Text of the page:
I wish she had gone into the reasons why women feel “afraid”. As a single mother I can tell you I have been terminated for needing that time off one to many times in my employer’s eys. Would that scare you in today’s economy? Maybe if the laws were such that we could go into our employer’s office and get that needed & fair salary increase or receive that time off to care for a sick child without being discriminiated against then it would take some of that fear away. Where I live it’s an “At Will” state. That offers a HUGE loop hole for an employer to fire me for ANY reason at ANY time so as a single mother I truly have no protection under the law. If my sick child or my request for an appropriate salary increase annoy my employer in any way I need to be fearful because I may very well be out of a job (as I am now) in the very near future.

    Maria Shriver is a wealthy wealthy woman who is completely out of touch with the way 99% of American women live. I appreciate her thoughts, but it’s somewhat insulting all the same.

  9. Julie Pippert Says:

    I told Becky I was waiting for this! I can tell you that while I appreciate this extensive effort and the data, my concern is multi-fold:

    - no impel to action. They threw out some incredible data, and I use that word choice deliberately. It’s meaningless without the next step: a mission and action plan.

    - done in a vacuum. The point of the womencount effort was to reachout and engage women to get information and form an action plan.

    - overfocus on parents.

    - top down effort. What’s the plan to involve grassroots.

    It feels like an outdated model and isn’t put together the way JFK did.

  10. Julie Pippert Says:

    PS I didn’t agree with the downlplaying of womens experience in the workplace. I agree with the points you and other commenters have made.

  11. Alamar Fernandez Says:

    I have discussed Maria’s report with a couple of my retired, single female friends. They are disappointed that it seems to address only the ‘Moms’ & ‘families’ and not the professional women, who have chosen to not marry, have children or were married and are now single and their children are grown up.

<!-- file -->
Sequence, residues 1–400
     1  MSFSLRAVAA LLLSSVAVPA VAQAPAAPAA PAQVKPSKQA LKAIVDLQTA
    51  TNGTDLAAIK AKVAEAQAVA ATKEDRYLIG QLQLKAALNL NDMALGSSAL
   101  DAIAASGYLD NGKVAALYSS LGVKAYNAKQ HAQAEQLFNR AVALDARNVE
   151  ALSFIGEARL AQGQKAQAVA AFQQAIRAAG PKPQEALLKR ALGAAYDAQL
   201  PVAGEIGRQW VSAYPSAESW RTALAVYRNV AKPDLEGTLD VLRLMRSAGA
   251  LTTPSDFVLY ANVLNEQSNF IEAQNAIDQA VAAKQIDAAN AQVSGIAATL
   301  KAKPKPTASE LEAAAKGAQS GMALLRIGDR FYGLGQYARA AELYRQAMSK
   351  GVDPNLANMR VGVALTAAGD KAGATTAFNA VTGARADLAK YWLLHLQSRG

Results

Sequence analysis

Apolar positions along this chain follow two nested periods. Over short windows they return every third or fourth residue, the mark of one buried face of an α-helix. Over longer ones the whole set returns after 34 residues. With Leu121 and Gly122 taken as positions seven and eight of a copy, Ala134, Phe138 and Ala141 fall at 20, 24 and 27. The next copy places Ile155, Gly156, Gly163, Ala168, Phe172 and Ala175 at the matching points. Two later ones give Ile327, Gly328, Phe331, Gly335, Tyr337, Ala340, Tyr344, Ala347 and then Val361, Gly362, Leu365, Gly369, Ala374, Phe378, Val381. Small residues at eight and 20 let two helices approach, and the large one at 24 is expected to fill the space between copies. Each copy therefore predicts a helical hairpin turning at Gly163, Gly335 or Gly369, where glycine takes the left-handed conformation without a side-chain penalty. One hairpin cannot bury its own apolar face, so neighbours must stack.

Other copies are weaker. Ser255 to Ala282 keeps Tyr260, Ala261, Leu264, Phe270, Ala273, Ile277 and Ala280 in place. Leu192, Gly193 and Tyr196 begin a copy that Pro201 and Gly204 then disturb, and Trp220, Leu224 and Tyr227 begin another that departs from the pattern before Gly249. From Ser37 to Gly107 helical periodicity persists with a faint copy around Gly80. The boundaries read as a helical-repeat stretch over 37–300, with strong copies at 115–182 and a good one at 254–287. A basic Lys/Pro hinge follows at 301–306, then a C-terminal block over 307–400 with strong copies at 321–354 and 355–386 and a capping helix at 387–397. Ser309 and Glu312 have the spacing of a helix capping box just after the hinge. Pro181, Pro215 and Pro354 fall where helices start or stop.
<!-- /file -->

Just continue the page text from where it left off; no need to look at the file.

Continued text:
I was not surprised to read the following:

    “Shriver’s response was surprising and shocking. She said women felt afraid — afraid to go in and ask for time off to care for someone or ask for the flexibility needed to do their jobs and care for their families. Not hesitant or cautious, but afraid. She hopes that women will overcome that fear, see that there are lots of people in the same boat and find the strength and courage to demand what they need and embrace the power of being the majority in the workforce.”

    We, women. are taught to fear rejection. And the last Bush/Cheney Administration used FEAR to scare the Hell out of all of us, and women were more affected by this tactic, in my opinion.
    The challange will be to teach girls and older women to stop letting FEAR, stop them from asking for what they want, need & require.
    I have been in Sales & Mktg for over 40 years. Going into Sales was the best teacher for me…it taught me self-confidence…because I had to learn to ‘ask for the order!!!’ And that helped me in all areas of my life…When I was turned down, I did not die.

    My motto: “It’s not possible, to know what’s possible…so stop fearing, what you don’t know!”

    It’s a daily challenge!

  12. PunditMom Says:

    You know, I really wanted to be upbeat, optimistic and on board with this report, but I have to agree with the points Julie, Becky and others have made. Bringing more attention to issues is great, but someone with the political star power of Maria Shriver could do so much more to create real change. Heavens, her husband has been the governor of California for almost eight years — there should have been some pillow talk that could have helped us out.

  13. Amy@UWM Says:

    Man, SO jealous that you, Morra and Julie got to talk to Maria in person. Love her. All of the issues outlined in this report are the very reason I became a blogger. Blogging offered me a platform to talk about my frustrations with being a working mom and the societal barriers that have to change if my daughters have any hope of having an easier time of trying to balance it all. And of course, I blogged about this new report tonight too which simply confirmed everything I’ve been blogging about for nearly three years.

    I’m glad someone with clout and credibility has taken the opportunity to shine a light on the issues in a big way. I think it’s good timing, particularly after our tanking economy has stirred an appetite for greater balance and things that will truly improve quality of life beyond compiling material wealth. And like Valerie Jarrett said on Meet the Press, bringing these issues into the national dialogue is the first step.